Sunday School Lesson – “The First Passover” Exodus 12:1-14

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VERSE DISCOVERY: Exodus 12:1-14 (KJV, Public Domain)

How fast are we to remember where God delivered us from, our personal journey to salvation? This lesson marks an exciting time of deliverance for God’s people, the children of Israel. From their bondage, He would crush the head of the enemy that oppressed them and deliver them with His mighty arm. In the process, God establishes a holy day, a feast for the people to remember and celebrate this special time of deliverance. Passover was to be forever a national time of remembrance and celebration for God’s people, and before they would step one foot out of Egypt, God already instituted it.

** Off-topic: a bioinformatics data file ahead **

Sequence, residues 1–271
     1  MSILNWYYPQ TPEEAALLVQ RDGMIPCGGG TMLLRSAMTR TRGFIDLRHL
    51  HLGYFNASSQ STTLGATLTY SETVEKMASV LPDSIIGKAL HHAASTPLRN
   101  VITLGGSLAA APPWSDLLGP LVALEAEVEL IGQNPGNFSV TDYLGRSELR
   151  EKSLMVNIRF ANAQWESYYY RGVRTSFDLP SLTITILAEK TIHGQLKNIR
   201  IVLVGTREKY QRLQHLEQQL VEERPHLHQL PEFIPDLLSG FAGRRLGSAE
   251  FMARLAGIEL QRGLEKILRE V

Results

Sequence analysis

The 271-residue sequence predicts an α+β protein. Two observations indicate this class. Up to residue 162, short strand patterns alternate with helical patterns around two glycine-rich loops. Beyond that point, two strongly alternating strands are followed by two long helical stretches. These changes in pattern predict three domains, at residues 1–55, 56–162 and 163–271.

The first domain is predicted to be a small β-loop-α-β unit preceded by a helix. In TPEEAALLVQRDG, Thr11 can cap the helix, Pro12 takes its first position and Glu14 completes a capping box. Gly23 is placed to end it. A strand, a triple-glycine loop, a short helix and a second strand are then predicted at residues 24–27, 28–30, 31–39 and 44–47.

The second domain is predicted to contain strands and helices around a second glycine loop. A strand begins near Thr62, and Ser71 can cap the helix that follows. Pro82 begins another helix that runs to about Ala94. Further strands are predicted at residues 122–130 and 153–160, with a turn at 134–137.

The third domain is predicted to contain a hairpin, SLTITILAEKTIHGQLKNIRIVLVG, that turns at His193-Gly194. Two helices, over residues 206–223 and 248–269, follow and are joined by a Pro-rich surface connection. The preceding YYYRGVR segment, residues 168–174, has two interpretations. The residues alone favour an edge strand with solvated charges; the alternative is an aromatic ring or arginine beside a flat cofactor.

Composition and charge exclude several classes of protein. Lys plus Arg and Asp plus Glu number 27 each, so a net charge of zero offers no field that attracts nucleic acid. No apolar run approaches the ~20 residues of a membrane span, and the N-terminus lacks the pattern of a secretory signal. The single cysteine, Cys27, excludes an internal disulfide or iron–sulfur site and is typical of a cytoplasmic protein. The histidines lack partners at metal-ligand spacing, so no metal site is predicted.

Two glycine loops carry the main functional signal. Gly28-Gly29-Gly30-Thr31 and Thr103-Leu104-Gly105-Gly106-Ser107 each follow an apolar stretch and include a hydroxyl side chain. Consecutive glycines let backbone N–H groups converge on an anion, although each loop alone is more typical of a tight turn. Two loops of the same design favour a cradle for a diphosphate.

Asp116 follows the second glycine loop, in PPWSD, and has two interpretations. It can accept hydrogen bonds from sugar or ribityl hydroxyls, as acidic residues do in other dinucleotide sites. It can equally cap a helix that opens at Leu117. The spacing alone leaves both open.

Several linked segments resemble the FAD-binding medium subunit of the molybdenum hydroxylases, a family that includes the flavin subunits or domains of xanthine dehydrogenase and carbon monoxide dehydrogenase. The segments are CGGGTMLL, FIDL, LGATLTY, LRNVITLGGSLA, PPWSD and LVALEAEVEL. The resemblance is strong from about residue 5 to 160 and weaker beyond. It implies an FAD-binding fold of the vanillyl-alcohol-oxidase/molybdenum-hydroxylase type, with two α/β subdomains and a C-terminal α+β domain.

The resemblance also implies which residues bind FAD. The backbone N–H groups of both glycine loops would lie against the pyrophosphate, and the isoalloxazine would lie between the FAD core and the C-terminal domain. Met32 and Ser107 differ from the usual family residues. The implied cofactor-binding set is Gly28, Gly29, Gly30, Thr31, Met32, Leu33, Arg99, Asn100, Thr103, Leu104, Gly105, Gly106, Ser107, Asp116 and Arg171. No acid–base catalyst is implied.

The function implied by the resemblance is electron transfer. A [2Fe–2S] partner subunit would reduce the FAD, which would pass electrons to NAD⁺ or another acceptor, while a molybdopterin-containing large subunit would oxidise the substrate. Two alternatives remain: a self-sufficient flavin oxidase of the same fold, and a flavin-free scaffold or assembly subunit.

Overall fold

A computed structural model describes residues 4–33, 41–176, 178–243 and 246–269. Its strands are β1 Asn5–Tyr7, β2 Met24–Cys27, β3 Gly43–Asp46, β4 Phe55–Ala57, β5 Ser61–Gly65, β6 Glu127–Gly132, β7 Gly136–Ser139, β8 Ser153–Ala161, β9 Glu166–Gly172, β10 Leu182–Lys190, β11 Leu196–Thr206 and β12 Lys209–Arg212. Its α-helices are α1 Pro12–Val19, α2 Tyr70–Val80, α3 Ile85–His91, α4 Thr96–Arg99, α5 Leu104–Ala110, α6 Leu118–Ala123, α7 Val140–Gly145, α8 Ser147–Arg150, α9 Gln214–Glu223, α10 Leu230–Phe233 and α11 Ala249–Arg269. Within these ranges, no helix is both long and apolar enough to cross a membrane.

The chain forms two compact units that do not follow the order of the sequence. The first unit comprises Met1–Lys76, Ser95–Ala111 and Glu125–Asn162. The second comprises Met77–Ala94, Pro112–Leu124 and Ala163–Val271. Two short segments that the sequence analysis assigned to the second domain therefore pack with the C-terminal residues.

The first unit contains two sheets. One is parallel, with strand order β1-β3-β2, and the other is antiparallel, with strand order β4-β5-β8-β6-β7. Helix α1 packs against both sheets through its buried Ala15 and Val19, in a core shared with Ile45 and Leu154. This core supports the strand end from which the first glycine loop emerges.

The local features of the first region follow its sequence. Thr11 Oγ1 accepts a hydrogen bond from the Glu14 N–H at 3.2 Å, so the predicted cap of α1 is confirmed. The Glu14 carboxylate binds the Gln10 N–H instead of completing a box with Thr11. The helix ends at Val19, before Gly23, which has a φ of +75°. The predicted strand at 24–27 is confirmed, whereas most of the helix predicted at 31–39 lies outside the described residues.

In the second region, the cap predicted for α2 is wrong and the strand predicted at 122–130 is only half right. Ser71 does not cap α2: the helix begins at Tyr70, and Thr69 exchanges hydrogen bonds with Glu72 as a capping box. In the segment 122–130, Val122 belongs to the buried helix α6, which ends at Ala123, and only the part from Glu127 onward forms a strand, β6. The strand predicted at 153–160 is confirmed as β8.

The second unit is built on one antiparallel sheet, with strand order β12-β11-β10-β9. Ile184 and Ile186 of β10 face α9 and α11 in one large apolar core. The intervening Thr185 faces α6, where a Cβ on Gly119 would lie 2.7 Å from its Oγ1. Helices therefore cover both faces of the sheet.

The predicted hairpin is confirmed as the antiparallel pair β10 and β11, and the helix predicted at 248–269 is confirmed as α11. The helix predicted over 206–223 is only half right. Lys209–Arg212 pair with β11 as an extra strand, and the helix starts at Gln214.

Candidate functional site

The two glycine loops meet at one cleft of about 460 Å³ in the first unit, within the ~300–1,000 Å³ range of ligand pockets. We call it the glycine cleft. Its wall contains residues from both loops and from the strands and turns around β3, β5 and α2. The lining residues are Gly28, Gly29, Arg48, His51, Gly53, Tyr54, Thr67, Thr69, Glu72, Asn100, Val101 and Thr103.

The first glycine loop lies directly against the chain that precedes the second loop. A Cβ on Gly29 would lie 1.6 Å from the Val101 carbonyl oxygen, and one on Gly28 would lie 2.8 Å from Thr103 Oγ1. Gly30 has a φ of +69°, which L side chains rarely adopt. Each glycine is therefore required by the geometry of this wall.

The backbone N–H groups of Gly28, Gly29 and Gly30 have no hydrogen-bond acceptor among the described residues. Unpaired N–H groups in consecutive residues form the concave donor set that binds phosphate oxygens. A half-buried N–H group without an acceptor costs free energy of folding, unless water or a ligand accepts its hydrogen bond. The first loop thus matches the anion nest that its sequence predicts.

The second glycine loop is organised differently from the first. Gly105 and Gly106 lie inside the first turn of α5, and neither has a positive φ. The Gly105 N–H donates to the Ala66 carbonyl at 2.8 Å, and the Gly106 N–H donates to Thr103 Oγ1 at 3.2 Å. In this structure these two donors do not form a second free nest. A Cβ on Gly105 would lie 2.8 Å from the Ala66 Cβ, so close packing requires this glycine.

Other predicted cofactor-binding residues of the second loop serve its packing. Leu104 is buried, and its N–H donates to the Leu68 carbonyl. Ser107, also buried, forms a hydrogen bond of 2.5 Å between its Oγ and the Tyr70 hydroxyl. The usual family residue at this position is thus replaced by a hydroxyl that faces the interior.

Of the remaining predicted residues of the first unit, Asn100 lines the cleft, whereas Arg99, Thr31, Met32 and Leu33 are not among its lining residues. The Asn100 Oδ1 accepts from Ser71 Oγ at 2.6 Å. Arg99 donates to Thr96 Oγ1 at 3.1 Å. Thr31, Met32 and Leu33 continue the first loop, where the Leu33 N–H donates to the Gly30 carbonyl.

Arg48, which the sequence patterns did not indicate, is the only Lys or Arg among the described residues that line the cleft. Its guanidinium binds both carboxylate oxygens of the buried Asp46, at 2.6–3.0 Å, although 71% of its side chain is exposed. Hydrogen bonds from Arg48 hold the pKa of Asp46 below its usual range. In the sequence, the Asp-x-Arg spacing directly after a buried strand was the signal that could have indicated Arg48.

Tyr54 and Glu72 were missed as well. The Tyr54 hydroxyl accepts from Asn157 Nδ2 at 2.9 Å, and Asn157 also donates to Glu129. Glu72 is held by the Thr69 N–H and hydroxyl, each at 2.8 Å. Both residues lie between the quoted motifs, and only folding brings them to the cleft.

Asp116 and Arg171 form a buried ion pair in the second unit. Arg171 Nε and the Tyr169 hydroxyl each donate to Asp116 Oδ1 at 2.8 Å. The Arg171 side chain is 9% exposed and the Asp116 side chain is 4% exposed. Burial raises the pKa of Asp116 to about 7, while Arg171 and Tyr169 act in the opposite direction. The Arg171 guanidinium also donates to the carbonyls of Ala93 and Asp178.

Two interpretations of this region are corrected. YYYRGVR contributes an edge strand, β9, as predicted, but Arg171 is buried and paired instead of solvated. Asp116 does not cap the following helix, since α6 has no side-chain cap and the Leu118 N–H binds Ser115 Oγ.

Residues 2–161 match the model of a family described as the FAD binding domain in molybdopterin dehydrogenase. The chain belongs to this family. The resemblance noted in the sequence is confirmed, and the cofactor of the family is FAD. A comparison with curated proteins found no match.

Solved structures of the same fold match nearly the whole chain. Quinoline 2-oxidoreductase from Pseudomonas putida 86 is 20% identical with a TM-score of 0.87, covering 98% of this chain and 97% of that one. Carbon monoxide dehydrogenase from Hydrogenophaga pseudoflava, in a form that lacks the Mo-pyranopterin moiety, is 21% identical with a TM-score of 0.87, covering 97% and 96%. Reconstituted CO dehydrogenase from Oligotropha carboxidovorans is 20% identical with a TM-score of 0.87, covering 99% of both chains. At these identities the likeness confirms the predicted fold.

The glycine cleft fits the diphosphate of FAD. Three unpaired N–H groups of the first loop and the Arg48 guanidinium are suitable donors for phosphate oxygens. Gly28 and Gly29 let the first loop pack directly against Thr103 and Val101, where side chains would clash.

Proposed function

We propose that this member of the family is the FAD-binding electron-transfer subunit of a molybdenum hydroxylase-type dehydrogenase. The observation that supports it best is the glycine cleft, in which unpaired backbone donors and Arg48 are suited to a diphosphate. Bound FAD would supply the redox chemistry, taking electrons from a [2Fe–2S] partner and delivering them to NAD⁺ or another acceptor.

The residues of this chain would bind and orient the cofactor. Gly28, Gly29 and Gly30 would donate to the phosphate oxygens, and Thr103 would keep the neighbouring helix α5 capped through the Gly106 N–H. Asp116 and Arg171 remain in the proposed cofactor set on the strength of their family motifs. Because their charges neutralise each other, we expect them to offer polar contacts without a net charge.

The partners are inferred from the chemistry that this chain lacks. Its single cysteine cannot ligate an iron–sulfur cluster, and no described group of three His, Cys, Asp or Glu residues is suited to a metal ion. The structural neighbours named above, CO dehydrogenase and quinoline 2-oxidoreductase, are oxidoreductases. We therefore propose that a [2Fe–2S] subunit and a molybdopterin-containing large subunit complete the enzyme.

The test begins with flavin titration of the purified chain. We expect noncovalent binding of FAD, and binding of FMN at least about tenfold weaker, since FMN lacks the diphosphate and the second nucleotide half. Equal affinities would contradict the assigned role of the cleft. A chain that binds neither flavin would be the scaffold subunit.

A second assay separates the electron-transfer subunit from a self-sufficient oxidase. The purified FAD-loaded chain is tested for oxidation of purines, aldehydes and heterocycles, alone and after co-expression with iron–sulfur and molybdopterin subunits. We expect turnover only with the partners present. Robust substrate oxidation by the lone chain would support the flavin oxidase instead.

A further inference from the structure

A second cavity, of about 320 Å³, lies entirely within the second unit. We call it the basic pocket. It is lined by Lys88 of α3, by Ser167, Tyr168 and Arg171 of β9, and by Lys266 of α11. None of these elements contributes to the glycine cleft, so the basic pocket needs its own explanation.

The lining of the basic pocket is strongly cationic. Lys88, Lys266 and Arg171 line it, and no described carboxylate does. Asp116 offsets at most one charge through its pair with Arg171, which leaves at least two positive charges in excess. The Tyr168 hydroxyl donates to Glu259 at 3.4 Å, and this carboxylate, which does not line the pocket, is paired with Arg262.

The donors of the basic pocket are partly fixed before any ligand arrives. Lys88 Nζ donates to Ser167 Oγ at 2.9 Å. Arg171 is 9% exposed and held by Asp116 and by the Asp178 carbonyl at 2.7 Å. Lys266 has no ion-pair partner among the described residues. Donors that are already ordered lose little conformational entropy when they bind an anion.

Instituting This Holy Day

Exodus 12:1-2 “And the Lord spake unto Moses and Aaron in the land of Egypt saying, This month shall be unto you the beginning of months: it shall be the first month of the year to you.”

God’s purpose in Moses returning to Egypt was to be the leader who would initiate and conduct His plan of deliverance for His people (Exodus 3:1-10).  God heard the cries of His people, He remembered His covenant with their forefathers, and set the plan in motion for their release from bondage (Exodus 2:23-25; 3:11-22).

All events leading up to the Exodus were done except for one major, final event. Pharaoh has resisted Moses’ warnings repeatedly, and in doing so, he has resisted God Himself.  All warnings to let His people go have fallen on spiritually deaf ears and hardened hearts.  God has issued plague after plague; everything from turning water to blood, to lice and frogs overtaking the land and the people, to darkness so deep it could be felt, and so on.  God’s power has been manifested, and the Egyptians saw enough of it that it should have compelled them to repent of their evil ways before God and release His people.